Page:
Finally, and most relevantly, he doesn't have the duties/functions of a police officer. It simply isn't his role in society to go apprehending law breakers. In fact, the police (and society in general) actively discourage people from playing "de facto" police officers or worse, engaging in vigilantism. There are very good reasons for this - namely those I've referred to above (specific training, equipment, back-up, statutory powers, etc.).
So we do not have a duty to "correct" the behaviour of random strangers. We can only alert the authorities if it is bad enough.
We do however have a legal duty not to be agents in causing unnecessary violence. Had my friend engaged the aggressor in a fight, there is every chance that both he and the aggressor might be prosecuted; the police might have a tough time deciding "who started it". And assuming they decided that the fellow with the pipe was primarily responsible, they might still look very dimly on my friend if it were clear that a physical confrontation could have been avoided.
2. But if we do nothing we're "affirming" their behaviour; these people need to be sent a message that what they are doing is wrong!
There are a number of false assumptions inherent in this statement.
The first one is that my friend, in not physically engaging the aggressor, was "appeasing" or "affirming" his conduct. Nothing could be further from the truth. He was strongly against the aggressor's conduct and he made that clear. He just didn't do so in an in way that might have escalated the situation into a full-blow tragedy.
Had he suddenly started apologising to the man with the pipe and saying "it was all my fault, you had every right to come at me with a pipe", things might be different. This would be a kind of "doing" - and a very bad kind of "doing" (unless he were forced to do so for reasons of self-protection or protection of another).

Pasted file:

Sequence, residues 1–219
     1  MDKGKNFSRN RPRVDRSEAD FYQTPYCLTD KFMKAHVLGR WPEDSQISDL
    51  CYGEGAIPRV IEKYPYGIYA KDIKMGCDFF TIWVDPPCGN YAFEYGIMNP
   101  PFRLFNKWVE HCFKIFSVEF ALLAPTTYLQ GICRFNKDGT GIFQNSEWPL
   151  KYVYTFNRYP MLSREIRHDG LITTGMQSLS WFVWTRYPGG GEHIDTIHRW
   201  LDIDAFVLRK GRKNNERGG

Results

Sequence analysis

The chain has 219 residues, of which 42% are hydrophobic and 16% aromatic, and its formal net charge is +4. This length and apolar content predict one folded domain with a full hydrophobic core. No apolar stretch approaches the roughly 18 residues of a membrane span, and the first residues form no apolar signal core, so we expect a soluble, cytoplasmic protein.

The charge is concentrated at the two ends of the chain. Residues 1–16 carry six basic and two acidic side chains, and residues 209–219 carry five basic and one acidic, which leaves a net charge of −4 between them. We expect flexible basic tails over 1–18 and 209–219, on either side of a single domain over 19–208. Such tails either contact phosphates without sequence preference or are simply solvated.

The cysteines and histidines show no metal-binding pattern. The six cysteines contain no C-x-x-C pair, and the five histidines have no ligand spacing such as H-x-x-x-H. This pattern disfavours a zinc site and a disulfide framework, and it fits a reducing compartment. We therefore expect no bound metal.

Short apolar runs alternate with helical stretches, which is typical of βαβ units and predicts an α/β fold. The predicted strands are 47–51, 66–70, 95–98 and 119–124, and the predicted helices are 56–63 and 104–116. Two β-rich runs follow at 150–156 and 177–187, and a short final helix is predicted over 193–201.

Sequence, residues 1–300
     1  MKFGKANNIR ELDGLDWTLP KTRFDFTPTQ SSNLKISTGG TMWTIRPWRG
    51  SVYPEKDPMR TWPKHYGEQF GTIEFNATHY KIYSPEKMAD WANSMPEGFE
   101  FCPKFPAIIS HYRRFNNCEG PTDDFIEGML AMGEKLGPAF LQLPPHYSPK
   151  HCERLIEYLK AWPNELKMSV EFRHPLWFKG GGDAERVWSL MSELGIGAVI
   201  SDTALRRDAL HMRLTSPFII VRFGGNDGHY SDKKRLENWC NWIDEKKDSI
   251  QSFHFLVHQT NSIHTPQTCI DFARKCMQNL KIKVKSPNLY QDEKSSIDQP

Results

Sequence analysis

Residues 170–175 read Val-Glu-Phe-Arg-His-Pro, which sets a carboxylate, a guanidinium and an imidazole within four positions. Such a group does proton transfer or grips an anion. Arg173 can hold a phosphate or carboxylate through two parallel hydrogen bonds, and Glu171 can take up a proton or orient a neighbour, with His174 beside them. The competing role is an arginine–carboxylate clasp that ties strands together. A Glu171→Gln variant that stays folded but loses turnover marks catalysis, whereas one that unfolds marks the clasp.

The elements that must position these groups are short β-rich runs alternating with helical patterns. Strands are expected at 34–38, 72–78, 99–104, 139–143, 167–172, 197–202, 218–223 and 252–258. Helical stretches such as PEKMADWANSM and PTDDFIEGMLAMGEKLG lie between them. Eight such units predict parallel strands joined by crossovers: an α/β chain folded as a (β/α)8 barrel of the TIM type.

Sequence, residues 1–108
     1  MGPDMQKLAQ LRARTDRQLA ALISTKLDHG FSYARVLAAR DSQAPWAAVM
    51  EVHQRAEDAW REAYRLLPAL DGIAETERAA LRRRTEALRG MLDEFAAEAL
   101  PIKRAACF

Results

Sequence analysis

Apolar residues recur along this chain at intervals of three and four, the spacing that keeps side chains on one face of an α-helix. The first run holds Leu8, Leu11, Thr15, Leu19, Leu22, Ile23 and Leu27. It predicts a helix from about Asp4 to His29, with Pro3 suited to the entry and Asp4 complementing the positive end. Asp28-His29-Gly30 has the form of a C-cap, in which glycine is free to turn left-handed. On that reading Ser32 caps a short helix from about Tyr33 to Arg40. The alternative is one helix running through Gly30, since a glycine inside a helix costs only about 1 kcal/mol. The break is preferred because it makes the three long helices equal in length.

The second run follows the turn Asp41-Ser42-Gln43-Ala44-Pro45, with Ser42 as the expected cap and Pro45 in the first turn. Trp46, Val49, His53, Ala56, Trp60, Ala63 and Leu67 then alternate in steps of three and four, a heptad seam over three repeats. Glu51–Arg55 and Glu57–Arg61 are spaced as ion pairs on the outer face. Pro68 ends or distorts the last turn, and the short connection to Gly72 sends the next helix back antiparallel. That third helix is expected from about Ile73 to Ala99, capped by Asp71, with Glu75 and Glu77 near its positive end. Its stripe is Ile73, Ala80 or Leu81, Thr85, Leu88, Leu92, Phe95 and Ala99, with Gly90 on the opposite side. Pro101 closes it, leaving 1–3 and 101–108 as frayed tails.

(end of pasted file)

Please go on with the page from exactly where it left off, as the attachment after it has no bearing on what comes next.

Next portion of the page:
Second, it is wrong to assume that the aggressor would have accepted any kind of "correction" from my friend or from anyone else. In short, he was never going to "learn a lesson".
It occurs to me that often the aggressor in a road rage incident thinks that he or she is actually the "good guy"; ie. the one who is "teaching a bad guy a lesson" or "not letting a bad guy get away with it".
For example, the fellow who wielded a pipe at my friend was shouting, blaming my friend for "almost causing an accident". He was wrong, but he didn't think so. He no doubt felt he had to "teach my friend a lesson". He probably took the pipe with him "for self defence" because he anticipated violence from a much bigger, stronger and younger man (whom he had already categorized as a "bad guy"). All of this is an "after the fact" justification. In reality, he was just feeling bad-tempered and took it out on my friend who just happened to be in the wrong place at the wrong time.
It is my view that those who would argue that my friend needed to "teach the pipe-wielding guy a lesson" are falling into the same trap: they are responding emotively, and following up with a justification.
This serves to illustrate the dangers inherent in this line of reasoning. You risk becoming part of a vicious cycle of escalating violence. We need to get out of this mindset or we are just part of the problem; we become just like the "bad guys" we are trying to stop (or at least others have a hard time figuring out who is "good" and who is "bad"). As I've said above, the courts certainly frown upon violent interchanges, and often convict both parties in a physical altercation.